Wandering along a grassy terrace on the true right bank, the track drops occasionally onto the stony river-bank. Stones in the creeks are a colourful mixture of red and green sandstones containing, in several different combinations, lumps of red or green mudstone. These colours reflect the presence of iron in the minerals chlorite (green) and hematite (red). Similar stones are also found in the Greenstone Valley.
Forest closes in occasionally, pinching off a series of river flats. Black fallow deer are common on the flats. As the flats become smaller and the valley narrower the track stays in bush, soon reaching the Upper Caples Hut in the small clearing of Tent Flat.This hut is locked and owned by the deerstalkers association. It is available for public use via bookings. Riflemen, robins and brown creepers inhabit the forest around the hut. Corybas orchids may be found in the boggier ground. Deer sometimes lurk outside the hut in the evening and early morning.
Entering mossy beech forest the track begins the climb toward McKellar Saddle. Watch for the brightly coloured yellowheads on the track and listen for the chatter of yellow-crowned parakeets in the canopy. The distribution of yellowheads is now severely limited and they are a memorable, although fleeting, sight. Parakeets are commonly heard, but they are not seen so easily, and they are shy of people. Often these two species are found in close proximity. In warmer months listen also for the calls of the shining cuckoo and the long-tailed cuckoo. The first sings a series of watery rising notes followed by one or two falling notes, reminiscent of some introduced species. The second produces a loud, insect-like, rising screech.
The track flattens off and resumes climbing several times before clambering with difficulty along the bouldery river-bank and crossing what remains of the Caples River. From here it climbs vigorously into the subalpine zone and onto McKellar Saddle. The ground is boggy with small tarns and a length of boardwalk to protect the plant communities. At the point where the track begins the descent into the Greenstone Valley you can observe a ridge of the Livingstone Mountains opposite, beyond which lies the Milford Road. Lake McKellar skulks below you on the valley floor. The Darran Mountains are visible to the right.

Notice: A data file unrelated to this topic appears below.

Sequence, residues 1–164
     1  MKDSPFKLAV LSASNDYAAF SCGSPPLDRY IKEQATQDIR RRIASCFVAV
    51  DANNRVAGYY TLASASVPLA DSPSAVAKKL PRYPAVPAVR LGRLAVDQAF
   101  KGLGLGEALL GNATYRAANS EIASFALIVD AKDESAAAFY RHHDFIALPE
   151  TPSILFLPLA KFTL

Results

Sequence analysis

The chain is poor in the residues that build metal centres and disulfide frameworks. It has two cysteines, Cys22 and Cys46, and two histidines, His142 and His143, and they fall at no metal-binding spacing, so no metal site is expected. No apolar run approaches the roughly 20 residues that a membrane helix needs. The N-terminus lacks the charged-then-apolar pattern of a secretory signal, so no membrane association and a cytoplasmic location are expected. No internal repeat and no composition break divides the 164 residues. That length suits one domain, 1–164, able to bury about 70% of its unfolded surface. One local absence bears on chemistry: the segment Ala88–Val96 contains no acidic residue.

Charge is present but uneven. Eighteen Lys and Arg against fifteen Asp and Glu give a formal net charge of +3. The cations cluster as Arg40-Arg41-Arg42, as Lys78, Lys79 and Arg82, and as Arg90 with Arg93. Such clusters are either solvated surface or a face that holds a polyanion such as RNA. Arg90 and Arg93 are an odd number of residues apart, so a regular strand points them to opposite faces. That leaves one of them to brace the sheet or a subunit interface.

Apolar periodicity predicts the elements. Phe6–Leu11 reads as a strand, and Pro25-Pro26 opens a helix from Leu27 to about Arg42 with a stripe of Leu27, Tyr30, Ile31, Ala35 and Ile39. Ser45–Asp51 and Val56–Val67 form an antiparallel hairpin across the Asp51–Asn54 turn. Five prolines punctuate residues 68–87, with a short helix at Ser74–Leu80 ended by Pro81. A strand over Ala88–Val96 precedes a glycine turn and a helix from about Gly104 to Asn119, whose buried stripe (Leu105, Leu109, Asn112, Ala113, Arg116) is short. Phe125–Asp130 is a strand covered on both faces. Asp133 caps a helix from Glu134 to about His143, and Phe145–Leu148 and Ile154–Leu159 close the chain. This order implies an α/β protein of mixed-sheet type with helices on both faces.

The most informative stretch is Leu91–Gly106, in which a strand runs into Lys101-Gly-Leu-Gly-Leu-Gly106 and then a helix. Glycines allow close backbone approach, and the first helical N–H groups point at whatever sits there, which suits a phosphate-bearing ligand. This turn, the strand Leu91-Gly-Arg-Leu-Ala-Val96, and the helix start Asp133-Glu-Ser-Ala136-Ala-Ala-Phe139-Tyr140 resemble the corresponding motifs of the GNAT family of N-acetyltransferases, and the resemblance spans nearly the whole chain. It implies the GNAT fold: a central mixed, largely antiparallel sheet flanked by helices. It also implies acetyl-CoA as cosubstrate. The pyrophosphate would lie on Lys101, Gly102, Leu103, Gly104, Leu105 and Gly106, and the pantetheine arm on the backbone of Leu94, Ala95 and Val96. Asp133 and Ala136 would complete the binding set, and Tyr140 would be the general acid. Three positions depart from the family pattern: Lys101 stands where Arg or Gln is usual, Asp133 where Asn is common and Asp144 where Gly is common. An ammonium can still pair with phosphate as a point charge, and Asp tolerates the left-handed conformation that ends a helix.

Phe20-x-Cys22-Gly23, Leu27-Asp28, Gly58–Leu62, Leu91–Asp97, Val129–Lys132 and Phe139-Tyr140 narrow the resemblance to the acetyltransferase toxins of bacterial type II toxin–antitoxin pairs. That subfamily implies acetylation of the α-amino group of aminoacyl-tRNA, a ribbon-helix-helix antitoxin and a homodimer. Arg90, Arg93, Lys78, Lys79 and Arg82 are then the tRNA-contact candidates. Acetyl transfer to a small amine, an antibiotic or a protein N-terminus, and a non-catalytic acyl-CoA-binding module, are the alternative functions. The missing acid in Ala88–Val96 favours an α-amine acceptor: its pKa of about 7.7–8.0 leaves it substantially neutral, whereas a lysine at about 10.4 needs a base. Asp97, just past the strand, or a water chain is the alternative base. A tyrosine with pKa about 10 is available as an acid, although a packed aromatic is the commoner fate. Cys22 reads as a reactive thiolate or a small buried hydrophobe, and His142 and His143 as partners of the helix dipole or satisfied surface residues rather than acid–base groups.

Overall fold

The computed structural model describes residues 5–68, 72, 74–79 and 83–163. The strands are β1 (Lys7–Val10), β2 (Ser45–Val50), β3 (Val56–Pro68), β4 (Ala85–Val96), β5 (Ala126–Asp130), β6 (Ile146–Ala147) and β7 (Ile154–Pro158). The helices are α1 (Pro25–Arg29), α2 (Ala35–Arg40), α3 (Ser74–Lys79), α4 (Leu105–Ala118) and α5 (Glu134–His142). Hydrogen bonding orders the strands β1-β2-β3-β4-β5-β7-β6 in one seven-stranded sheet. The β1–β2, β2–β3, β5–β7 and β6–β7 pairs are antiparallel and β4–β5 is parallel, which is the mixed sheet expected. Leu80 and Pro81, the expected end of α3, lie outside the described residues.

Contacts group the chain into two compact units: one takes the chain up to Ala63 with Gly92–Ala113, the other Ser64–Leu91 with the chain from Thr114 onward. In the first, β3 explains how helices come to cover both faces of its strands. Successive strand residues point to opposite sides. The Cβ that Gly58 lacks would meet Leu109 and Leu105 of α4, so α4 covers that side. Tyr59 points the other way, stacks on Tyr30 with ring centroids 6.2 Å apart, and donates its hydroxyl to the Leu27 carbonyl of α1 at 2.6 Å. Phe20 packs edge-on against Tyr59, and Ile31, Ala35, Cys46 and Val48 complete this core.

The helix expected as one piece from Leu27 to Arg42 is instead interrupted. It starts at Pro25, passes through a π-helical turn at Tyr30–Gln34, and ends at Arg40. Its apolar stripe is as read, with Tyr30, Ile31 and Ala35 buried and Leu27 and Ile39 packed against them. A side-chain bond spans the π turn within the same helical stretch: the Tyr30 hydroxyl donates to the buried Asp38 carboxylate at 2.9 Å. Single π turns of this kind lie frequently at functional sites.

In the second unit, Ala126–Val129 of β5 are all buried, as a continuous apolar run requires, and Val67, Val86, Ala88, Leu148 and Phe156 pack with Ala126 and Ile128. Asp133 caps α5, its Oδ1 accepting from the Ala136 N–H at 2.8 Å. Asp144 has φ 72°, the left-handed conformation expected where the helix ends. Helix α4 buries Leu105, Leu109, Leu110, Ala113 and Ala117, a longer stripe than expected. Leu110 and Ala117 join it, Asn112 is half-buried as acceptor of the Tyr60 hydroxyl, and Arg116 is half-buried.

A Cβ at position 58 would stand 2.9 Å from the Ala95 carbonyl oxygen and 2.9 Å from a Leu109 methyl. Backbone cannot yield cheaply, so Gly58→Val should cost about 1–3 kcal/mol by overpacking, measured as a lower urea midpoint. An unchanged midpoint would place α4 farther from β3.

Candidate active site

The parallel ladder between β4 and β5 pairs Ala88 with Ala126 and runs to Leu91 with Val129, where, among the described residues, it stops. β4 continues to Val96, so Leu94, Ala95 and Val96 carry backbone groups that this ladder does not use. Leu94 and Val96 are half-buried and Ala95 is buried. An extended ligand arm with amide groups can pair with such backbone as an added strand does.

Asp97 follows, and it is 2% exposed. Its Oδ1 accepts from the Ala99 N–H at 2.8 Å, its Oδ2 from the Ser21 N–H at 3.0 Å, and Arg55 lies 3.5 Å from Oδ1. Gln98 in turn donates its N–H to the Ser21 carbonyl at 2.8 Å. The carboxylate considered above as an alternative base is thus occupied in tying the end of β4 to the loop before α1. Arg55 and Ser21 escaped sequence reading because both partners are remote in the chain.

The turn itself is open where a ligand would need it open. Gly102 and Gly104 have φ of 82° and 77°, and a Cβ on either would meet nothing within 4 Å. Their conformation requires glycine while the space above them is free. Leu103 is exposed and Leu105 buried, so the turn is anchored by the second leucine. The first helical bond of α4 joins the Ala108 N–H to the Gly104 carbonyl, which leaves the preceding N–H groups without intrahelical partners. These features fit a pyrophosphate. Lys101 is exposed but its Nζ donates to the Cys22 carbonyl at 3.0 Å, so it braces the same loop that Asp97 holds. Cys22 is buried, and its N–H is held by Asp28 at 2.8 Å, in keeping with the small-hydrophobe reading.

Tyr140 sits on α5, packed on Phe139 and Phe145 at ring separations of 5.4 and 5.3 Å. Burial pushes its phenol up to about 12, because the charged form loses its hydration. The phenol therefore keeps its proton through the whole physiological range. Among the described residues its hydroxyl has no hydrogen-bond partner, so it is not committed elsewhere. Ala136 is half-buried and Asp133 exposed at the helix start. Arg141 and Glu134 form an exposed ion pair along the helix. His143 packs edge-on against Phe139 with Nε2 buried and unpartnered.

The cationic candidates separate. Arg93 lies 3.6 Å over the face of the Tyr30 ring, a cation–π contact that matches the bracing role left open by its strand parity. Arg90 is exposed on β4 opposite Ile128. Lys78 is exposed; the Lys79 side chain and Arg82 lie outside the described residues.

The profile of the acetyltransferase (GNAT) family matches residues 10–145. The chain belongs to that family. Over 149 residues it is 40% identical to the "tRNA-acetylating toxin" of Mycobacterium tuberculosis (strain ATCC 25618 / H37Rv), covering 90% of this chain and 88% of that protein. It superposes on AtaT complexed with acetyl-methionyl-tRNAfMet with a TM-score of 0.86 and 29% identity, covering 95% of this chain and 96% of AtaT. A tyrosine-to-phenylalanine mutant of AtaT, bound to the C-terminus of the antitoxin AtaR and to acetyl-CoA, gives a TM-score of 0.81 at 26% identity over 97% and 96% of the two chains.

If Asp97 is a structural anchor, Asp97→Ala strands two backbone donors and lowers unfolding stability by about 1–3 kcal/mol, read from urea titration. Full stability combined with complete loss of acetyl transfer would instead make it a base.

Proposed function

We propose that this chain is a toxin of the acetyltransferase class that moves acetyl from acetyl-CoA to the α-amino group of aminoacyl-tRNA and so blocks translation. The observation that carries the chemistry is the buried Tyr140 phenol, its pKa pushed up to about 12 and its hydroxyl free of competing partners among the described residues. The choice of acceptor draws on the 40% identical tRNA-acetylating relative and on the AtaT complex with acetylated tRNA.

McKellar Saddle to Lake McKellar Junction
The 300m drop into the Greenstone Valley was once steep, rocky and slow. However, it has recently been realigned to make the descent easier. The track then moves up-valley past the head of the lake, on a poorly defined trail, finally turning onto the boggy flats and crossing to the western side of the valley where the Greenstone Track leads north and south. A sign indicates Howden Hut to the north and McKellar Hut to the south. From here you can exit onto the Milford Road at the Divide or you can turn down the Greenstone Valley to loop back to the beginning of the Caples Track.
Lake McKellar Junction to The Divide
Heading up the Greenstone Valley, the track leads over the gentle saddle with its camping area, past Lake Howden and down to Howden Hut on the busy Routeburn Track. From here, it's just another hour's walk out along the Routeburn highway, although an extra hour's detour up to Key Summit is well worth doing on a good day.
- Greenstone road end to Greenstone / Caples confluence: 30 minutes
- Greenstone / Caples confluence to Mid Caples Hut: 2-2.5 hours
- Mid Caples Hut to McKellar Saddle 4.5-5.5 hours
- McKellar Saddle to Lake McKellar Junction: 1-2 hours
- Lake McKellar junction to Howden Hut: 1 hour
- Howden Hut to The Divide: 1 hour
|Bookings||Not available (first come, first served)|
9 hr – 11 hr
Altitude change 605m
|From||Greenstone River mouth, Lake Wakatipu|
|To||The Divide, Milford Te Anau Road|